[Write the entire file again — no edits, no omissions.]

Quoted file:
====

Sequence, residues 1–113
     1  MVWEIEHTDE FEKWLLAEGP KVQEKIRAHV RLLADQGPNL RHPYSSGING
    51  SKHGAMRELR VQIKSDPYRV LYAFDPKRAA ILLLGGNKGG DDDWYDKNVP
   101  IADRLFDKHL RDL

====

Sequence, residues 1–113
     1  MVWEIEHTDE FEKWLLAEGP KVQEKIRAHV RLLADQGPNL RHPYSSGING
    51  SKHGAMRELR VQIKSDPYRV LYAFDPKRAA ILLLGGNKGG DDDWYDKNVP
   101  IADRLFDKHL RDL